Opposition politicians as well as segments of the public and media charge that Duterte has bartered away Philippine sovereignty with little to show in return.

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7 men die cleaning hotel septic tank



Seven people have suffocated to death while cleaning a hotel septic tank in western India without safety gear, police said Saturday.

The hotel owner has been charged with causing death due to negligence following the incident Friday night in Gujarat state’s Vadodara district, a police official said.

Four of those who died had been called to clean the tank while three others were hotel employees who were assisting.

Hundreds of thousands of mostly low-caste Indians are employed as “manual scavengers” who clear underground pipes and septic tanks without any protective gear or masks.

“One person first entered the tank, but when he did not come out and did not respond to calls, three other cleaners went inside to help him,” said Vadodara fire officer Nikunj Azad who was leading the rescue operations.

When all four did not emerge after some time, the three hotel employees entered the tank, all seven of them losing their lives in the process, Azad added.

“Their bodies have been brought out and sent for postmortem,” he said.

Deaths from asphyxiation in sewers full of noxious gases are frequently reported across the country.

Last year five people died in New Delhi while cleaning a sewage treatment tank.

Indian legislators have passed several laws aiming to stamp out the age-old practice of manual scavenging, the latest in 2013.

But many scavengers are still used through sub-contractors, making it difficult for authorities to fix responsibility.

In rural areas, women “scavengers” clean out primitive non-flush toilets with basic tools, although the practice is now on the wane.

There is no official data but independent surveys indicate that some 1,370 lose their lives every year during the hazardous work.

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ISIS leader killed in Iraq by US-led coalition air strike



A prominent ISIS leader was killed by the US-led coalition air strike on Wednesday night in Iraq’s western province of Anbar as Special Forces ramped up efforts to fight the insurgent’s remaining sleeper cells.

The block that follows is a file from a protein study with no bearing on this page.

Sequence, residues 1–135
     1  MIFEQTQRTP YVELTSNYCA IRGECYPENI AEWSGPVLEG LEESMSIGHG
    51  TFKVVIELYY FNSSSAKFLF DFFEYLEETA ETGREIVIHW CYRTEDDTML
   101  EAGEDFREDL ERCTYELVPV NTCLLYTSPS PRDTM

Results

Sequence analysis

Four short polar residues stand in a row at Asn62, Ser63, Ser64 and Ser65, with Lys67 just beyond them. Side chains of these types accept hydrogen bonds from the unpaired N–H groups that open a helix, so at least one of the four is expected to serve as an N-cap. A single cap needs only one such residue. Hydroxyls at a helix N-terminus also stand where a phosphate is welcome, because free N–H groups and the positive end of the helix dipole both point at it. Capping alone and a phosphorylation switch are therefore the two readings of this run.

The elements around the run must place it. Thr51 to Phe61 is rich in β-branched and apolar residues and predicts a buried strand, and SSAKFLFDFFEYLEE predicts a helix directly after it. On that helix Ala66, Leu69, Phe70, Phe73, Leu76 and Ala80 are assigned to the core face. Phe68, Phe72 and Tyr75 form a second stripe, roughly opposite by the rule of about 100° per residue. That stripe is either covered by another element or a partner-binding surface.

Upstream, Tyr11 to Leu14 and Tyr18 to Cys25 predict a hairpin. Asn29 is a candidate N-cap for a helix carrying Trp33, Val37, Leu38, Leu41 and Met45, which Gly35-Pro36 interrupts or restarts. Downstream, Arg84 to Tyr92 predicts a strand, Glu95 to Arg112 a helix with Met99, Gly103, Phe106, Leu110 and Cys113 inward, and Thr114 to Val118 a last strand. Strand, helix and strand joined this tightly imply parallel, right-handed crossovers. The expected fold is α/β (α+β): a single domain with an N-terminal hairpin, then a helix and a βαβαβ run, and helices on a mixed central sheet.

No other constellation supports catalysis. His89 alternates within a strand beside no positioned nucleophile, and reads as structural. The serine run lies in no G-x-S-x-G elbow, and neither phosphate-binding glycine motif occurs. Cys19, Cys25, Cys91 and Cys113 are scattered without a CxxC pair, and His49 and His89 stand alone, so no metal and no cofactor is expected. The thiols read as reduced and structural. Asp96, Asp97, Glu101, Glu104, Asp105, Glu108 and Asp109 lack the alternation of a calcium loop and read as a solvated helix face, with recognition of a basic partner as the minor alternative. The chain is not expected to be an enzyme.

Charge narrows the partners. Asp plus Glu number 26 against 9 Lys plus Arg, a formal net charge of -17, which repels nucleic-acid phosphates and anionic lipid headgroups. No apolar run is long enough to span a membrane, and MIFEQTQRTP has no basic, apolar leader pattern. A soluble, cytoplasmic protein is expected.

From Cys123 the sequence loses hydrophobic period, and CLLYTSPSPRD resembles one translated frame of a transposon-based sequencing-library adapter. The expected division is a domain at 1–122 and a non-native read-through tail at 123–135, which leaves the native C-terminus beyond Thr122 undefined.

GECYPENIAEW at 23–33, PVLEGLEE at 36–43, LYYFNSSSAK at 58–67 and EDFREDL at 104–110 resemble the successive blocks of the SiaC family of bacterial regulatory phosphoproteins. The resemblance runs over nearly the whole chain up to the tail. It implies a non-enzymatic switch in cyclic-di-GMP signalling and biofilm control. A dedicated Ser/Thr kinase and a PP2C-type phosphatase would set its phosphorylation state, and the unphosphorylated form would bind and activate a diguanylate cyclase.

Since the group’s territorial defeat in Iraq and Syria, the terrorists have gone underground, carrying out various attacks across the neighboring countries where it aims to expand.

“Air strikes targeted the tunnels where the insurgents were hiding killing six terrorists including the Emir [Prince] of Wiliayat (State) Al Jazeera, Abu Musallam Al Iraqi and two of their vehicles,” commander of Al Baghdadi tribal forces that operate in Anbar, Qatary Al Samarmad, said in a statement.

The attack were conducted in the Tharthar valley, located north west of Baghdad.

The operation is part of a security program set between the Iraqi army and local tribes that aims to combat the terror group, Mr Al Samarmad said.

Iraq’s army, backed by an US-led coalition established to defeat ISIS, has recently shifted away from major combat operations to areas they believe the insurgents are hiding.

The US-led action began after ISIS took over large areas of territory.

ISIS is active in rural areas across Iraq especially in isolated lands that give them the freedom to move and plan attacks.

They are known to be in areas such as the deserts of Anbar and Nineveh provinces and the mountains that run across Kirkuk, Salah Al Din and Diyala.

ISIS was born in cities like Fallujah in Anbar province, where a dwindling economy, unemployment and anger made it a fertile environment for extremists.

By 2014, its so-called “caliphate” had spread across Iraq and Syria.

The terror group still poses a threat to Iraq and officials believe its leader, Abu Bakr Al Baghdadi, may be hiding in the country.

The US warned in February of an ISIS resurgence and said it is essential to maintain a vigilant operation against the group’s sleeper cells.

“Hard-won battlefield gains can only be secured by maintaining a vigilant offensive against a now largely dispersed and disaggregated ISIS that retains leaders, fighters, facilitators, resources and the profane ideology that fuels their efforts,” said the former commander of US Central Command, Gen Joseph Votel.

At its height in 2014 and 2015, ISIS ruled over a self-proclaimed “caliphate” that spanned one third of Iraqi and Syrian territory and attracted followers from all over the world.

It ruled over millions in large parts of two countries.